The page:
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The Dollars and Cents of Healthcare

Canadians show mixed knowledge on the costs of healthcare in Canada. Eight in ten (84%) say healthcare in Canada is a mix of both publicly and privately funded services including two in ten who strongly agree (22%). At the same time, six in ten (59%) say that healthcare in Canada is free, including the same proportion who strongly agree (20%).

Once explained that the healthcare system in Canada is a mix of public and private, six in ten (60%) say they are satisfied with the current system of a public/private mix. However, this is largely made up of those saying they are somewhat satisfied (50%), with only one in ten (10%) indicating they are very satisfied. Canadians under the age of 35 report higher satisfaction with the public/private healthcare mix (68% vs. 56% 35-54, 57% 55+).

Canadians are split down the middle (50% agree) on whether they would pay more for better or quicker healthcare services. Those under the age of 35 (64% vs.48% 35-54, 41% 55+), those who are higher income earners (61% $100K+ vs. 41% <$40K), and those with children under 18 (56% vs. 47% no children) are most likely to say that they would be inclined to pay for better or quicker healthcare services. Regionally, BC residents and Quebecers (54% respectively) are most likely to feel this way, with Albertans being the least likely to agree (39%).

When asked if they or a loved one required medical treatment and they had the financial means to comfortably seek treatment elsewhere, one in three (35%) say they would go abroad, while four in ten (38%) say they would stay in Canada; one in four say they do not know (26%). Perhaps unsurprisingly, higher income earners are the most likely to say that they would go abroad (46% $100K+ vs. 27% <$40K).

Canadians often view our universal healthcare system as a source of pride and a point of differentiation between us and our Southern neighbours. However, four in ten (42%) say they been in a position where their medical expenses were greater than their disposable income. Among those, half (48%) say they have used credit cards to handle these expenses, four in ten (39%) say they have borrowed from family or friends, and one in four say they have taken out a loan (24%). Younger Canadians (53% 18-34, 46% 35-54 vs. 32% 55+), parents with children under 18 (50% vs. 40% no children), and lower income earners (50% <$40K vs. 40% $100K+) are most likely to say that they have been in a situation where their medical expenses outweighed their disposable income.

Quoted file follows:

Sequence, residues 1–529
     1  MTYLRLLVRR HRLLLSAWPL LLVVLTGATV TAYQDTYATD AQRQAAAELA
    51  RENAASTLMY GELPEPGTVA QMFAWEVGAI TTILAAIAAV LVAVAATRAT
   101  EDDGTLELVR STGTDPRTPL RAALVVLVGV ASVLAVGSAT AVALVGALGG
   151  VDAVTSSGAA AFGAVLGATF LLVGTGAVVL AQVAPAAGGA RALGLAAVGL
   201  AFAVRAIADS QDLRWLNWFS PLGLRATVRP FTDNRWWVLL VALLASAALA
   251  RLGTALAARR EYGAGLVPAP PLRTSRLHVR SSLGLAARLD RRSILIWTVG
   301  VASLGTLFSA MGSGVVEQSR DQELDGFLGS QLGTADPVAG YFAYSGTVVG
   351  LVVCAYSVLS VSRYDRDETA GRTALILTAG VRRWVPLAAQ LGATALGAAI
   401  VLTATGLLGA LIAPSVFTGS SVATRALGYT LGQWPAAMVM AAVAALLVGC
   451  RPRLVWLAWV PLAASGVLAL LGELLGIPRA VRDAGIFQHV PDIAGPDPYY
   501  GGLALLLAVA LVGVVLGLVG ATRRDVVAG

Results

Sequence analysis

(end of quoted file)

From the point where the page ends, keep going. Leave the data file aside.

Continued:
About the Study

These are some of the findings of an Ipsos poll conducted between April 1st to 3rd, 2019. For this survey, a sample of 1,001 Canadians 18+ was interviewed. Weighting was then employed to balance demographics to ensure that the sample's composition reflects that of the population according to Census data and to provide results intended to approximate the sample universe. The precision of Ipsos online polls is measured using a credibility interval. In this case, the poll is accurate to within ±3.5 percentage points, 19 times out of 20. The credibility interval will be wider among subsets of the population. All sample surveys and polls may be subject to other sources of error, including, but not limited to coverage error, and measurement error.

For more information on this news release, please contact:

Jennifer McLeod Macey, Vice President

Ipsos Public Affairs, Canada

+1 416 502 2749

jennifer.macey@ipsos.com

About Ipsos

Ipsos is an independent market research company controlled and managed by research professionals. Founded in France in 1975, Ipsos has grown into a worldwide research group with a strong presence in all key markets. Ipsos ranks fourth in the global research industry. With offices in 89 countries, Ipsos delivers insightful expertise across five research specializations: brand, advertising and media; customer loyalty; marketing; public affairs research; and survey management. Ipsos researchers assess market potential and interpret market trends. They develop and build brands. They help clients build long-term relationships with their customers. They test advertising and study audience responses to various media and they measure public opinion around the globe. Ipsos has been listed on the Paris Stock Exchange since 1999 and generated global revenues of €1,780.5 million in 2017.

The author(s)

  • Jennifer McLeod Macey Vice President, Canada, Public Affairs